With the White House re-announcement of the changes to veteran’s residency requirements for in-state tuition, I’ve heard a bit of griping from active duty folks that they should have similar protections. Fact is, active duty military and their family members already have more options for in-state tuition than any other group. There are four distinct ways in which military family members are advantaged over their civilian and veteran counterparts when it comes to in-state tuition.
No Wait In A New StateIn most cases, families who move have a period of time before their students qualify for in-state tuition. For example, my civilian brother and I both live in Maryland right now. If he moves to Pennsylvania, his kids have to fulfill all the residency requirements to qualify for in-state tuition, including 12 months of continuous domicile. If I move to Pennsylvania, my military kids qualify for in-state tuition immediately.
Two States To ChooseMembers of military families start out with a huge advantage over civilian or veteran family members: they qualify for in-state tuition in both their state of legal domicile AND the state in which they actually reside. Veterans and civilians only qualify for in-state tuition in the state in which they actually live.
It is true that this only applies to schools that accept certain types of federal funding, but the way it is written means that it includes the vast majority of schools.
Here’s the most pertinent part of the law, the Higher Education Opportunity Act:
“In the case of a member of the armed forces who is on active duty for a period of more than 30 days and whose domicile or permanent duty station is in a State that receives assistance under this chapter and part C of subchapter I of chapter 34 of title 42, such State shall not charge such member (or the spouse or dependent child of such member) tuition for attendance at a public institution of higher education in the State at a rate that is greater than the rate charged for residents of the State.”
Keep Your In-State RateOnce military family members begin at a school and qualifies for in-state tuition under the terms of the Higher Education Opportunity Act, they get to keep their in-state tuition rate even if their family moves to a new location. Here's the exact language,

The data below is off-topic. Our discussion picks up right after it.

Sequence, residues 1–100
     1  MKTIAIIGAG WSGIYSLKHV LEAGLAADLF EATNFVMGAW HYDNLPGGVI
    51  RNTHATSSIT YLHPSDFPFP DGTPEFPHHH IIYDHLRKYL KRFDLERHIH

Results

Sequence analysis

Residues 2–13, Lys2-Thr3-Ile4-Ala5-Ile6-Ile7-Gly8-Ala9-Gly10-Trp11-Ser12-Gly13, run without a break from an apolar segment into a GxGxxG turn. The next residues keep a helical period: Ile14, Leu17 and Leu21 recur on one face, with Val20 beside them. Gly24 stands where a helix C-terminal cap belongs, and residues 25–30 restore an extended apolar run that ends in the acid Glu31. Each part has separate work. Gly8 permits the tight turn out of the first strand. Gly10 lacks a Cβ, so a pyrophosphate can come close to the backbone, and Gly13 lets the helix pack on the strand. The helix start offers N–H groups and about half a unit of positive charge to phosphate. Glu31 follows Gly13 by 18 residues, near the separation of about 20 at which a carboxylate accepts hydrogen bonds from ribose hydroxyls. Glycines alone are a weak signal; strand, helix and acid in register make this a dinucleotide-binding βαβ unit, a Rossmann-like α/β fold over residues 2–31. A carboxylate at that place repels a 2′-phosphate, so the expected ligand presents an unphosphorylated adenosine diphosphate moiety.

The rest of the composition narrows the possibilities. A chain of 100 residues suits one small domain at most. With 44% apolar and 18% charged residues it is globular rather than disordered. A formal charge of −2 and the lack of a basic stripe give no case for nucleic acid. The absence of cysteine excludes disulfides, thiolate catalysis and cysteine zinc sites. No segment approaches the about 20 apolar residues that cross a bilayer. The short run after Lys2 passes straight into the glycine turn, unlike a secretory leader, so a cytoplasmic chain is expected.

"If a member of the armed forces (or the spouse or dependent child of a member) pays tuition at a public institution of higher education in a State at a rate determined by subsection (a), the provisions of subsection (a) shall continue to apply to such member, spouse, or dependent while continuously enrolled at that institution, notwithstanding a subsequent change in the permanent duty station of the member to a location outside the State."
Some states or individual schools offer this to non-military students, but that is at their discretion and not guaranteed.
Pick Up A Third StateWhen a military family PCSes during a family member’s college career, that student then has the immediate option to claim in-state rates in the family’s new home state. This gives them the option to continue at their old school and retain the in-state rate, or transfer to a school in the state to which their family has moved. Referring back to the first item, civilian students typically have to wait out the in-state residency requirements before they can claim in-state tuition in their family’s new state.
Frankly, I’m a little confused about why so many people think that military kids (and spouses, and military members) are disadvantaged when it comes to in-state tuition rates. Federal law provides a wide variety of protections and accommodations that result in military children being distinctly advantaged over their civilian peers. I, for one, am thankful.